‘Difficult’ year ahead for local Age UKs, warns federation boss 

21 Feb 2023 News

Paul Farmer, chief executive officer of Age UK

The recently appointed chief executive officer of Age UK has predicted that this year will be particularly challenging for its network of 130 organisations.  

In December, Age UK announced that it would use £5m from its reserves to support its network through winter

Kirsty Gaskell-Sinclair, the main charity’s head of network resilience, also revealed that three local Age UKs closed in 2021 because of a challenging economic climate. 

But speaking to Civil Society News earlier this month, chief executive Paul Farmer said he is “hopeful” that there will be no further closures in the foreseeable future. 

“I’m sure a number of local Age UKs will find this year very difficult but our plan is to make sure we’re working as closely as possible as we can together. I’m hopeful that we won’t lose any,” he said. 

Charities are under ‘huge pressure’ 

Farmer said that the survival of federated charities depends on staff, the support they can get from the federation and the local economic circumstances.

“We know the cost-of-living crisis is having an impact on local organisations themselves as well. The sector generally is under a huge amount of pressure and the pressure is a combination of increasing demand on the needs that we’re able to provide – we’ve seen that right away across our services – and the tightening in terms of resources,” he said. 

“Charities are not immune from the cost-of-living crisis. There are a lot of organisations that will struggle. A number of local Age UKs I’m sure we’ll find this year very difficult but our plan is to make sure that we’re working as closely as possible as we as we can together. I’m hopeful that we won’t lose any.”

Upcoming strategy

Age UK’s trustees decided to extend the charity’s three-year strategy, due to end in April 2022, a further year as it remains “relevant to the current situation for older people”.

Farmer said the charity is “right in the middle of that conversation at the moment”. “I think it’s really important that when you’re shaping a new strategy for an organisation to listen to people who use our services.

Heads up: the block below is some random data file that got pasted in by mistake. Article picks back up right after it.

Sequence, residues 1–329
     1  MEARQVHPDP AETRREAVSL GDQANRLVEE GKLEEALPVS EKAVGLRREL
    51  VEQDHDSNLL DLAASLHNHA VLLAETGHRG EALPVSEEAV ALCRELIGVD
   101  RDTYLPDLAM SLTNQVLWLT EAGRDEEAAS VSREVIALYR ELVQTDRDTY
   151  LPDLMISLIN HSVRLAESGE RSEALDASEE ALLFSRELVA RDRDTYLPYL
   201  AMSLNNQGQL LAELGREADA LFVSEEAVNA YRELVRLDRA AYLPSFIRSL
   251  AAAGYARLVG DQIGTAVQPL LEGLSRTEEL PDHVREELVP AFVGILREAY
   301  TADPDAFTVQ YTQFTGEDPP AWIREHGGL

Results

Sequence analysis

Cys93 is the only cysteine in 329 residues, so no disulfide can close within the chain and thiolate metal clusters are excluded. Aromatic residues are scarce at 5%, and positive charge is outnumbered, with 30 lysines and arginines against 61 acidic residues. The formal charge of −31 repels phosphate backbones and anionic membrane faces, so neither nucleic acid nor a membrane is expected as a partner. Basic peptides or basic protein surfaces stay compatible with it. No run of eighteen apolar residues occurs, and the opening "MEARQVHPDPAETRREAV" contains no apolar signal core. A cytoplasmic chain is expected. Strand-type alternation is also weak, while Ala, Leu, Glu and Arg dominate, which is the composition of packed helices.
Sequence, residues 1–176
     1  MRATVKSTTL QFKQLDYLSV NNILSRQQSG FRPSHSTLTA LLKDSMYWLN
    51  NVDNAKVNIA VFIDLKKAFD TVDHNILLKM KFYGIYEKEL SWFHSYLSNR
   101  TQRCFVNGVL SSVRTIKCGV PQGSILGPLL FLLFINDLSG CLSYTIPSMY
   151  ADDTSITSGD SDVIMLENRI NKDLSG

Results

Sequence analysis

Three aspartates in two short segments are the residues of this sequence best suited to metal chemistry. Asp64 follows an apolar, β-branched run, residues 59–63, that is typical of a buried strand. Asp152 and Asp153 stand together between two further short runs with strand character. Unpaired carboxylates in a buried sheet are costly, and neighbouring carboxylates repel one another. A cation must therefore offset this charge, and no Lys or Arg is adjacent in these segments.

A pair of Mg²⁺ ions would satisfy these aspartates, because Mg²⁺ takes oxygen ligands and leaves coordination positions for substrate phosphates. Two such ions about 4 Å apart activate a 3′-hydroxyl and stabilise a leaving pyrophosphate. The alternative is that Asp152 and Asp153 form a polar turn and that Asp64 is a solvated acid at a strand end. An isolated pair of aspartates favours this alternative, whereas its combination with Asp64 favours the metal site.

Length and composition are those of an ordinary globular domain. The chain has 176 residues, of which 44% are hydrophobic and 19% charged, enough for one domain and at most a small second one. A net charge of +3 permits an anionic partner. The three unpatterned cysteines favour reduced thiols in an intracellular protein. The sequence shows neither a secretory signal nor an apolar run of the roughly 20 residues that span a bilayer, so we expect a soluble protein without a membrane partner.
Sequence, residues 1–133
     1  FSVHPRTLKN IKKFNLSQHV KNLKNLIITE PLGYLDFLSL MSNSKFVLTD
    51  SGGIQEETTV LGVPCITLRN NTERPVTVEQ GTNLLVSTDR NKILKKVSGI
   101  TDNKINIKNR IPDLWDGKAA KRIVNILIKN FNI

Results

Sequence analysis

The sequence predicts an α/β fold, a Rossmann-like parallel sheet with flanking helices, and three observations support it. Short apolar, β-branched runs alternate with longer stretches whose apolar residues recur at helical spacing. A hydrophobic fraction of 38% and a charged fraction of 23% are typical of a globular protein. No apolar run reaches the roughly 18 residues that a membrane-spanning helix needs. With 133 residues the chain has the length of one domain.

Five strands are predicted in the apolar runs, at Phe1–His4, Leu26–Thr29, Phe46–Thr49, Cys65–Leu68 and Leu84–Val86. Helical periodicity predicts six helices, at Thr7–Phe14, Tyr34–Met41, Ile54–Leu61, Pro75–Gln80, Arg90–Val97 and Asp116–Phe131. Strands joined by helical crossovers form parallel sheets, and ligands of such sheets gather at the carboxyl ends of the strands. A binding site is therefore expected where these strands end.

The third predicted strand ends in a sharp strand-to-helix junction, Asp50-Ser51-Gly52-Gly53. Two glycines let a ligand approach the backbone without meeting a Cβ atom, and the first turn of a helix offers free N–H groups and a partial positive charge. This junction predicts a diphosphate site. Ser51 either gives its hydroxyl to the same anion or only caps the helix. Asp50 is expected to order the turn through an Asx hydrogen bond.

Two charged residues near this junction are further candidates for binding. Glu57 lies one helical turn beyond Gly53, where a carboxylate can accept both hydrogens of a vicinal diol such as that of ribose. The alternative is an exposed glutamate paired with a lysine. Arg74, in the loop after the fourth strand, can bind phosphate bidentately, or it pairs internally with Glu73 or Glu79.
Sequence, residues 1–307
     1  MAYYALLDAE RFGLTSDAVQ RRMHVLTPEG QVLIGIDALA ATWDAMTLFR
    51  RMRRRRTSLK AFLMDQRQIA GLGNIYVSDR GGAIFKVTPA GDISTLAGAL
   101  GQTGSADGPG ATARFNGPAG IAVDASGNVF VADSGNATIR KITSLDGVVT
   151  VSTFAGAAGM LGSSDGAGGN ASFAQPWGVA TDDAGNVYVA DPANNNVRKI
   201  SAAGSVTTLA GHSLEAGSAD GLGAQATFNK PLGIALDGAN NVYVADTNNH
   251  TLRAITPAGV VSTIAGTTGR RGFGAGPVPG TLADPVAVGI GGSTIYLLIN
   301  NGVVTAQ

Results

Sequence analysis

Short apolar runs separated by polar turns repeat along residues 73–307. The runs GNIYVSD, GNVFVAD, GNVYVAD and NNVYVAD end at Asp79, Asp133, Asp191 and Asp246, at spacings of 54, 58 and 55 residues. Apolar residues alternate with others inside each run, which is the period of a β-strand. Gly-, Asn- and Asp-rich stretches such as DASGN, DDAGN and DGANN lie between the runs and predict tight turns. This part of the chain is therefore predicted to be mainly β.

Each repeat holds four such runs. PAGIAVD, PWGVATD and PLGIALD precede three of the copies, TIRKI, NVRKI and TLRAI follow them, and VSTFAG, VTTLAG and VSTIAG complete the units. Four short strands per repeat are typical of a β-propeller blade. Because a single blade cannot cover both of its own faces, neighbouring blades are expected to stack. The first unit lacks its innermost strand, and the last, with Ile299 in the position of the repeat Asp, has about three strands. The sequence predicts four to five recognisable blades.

“As we’re building our new strategy, the whole issue of equity and tackling inequalities amongst older people is going to be incredibly important.”

Farmer explained that the strategy will be based around five areas that matter most to Age UK’s beneficiaries: health, social care, financial wellbeing, loneliness and isolation and inequalities.

“We know that the current experience that many older people have is way short of what they need. 

“We’ve got the NHS that is really struggling to meet the needs of older people at the moment and in some cases, people’s experiences are going backwards, with people not being treated with the level of dignity you would hope for. We also need to look at social care, which is a long-standing problem.”

On financial wellbeing, he said: “Although there are some older people who are fine, there are around two million older people living in poverty and their experience is not getting any easier because of rising fuel bills and the cost of living.”

Farmed concluded by saying that more needs to be done to tackle loneliness and isolation across society. “We know how challenging and difficult it often can be in later life when you lose your partner, friendship group or people around you.

“As far as this year is concerned, 2023 is going to be all about standing up for – in what’s a very, very tough space – older people in the context of the cost-of-living crisis and the challenges on the health and social care system.” 

Read the full interview with Paul Farmer here

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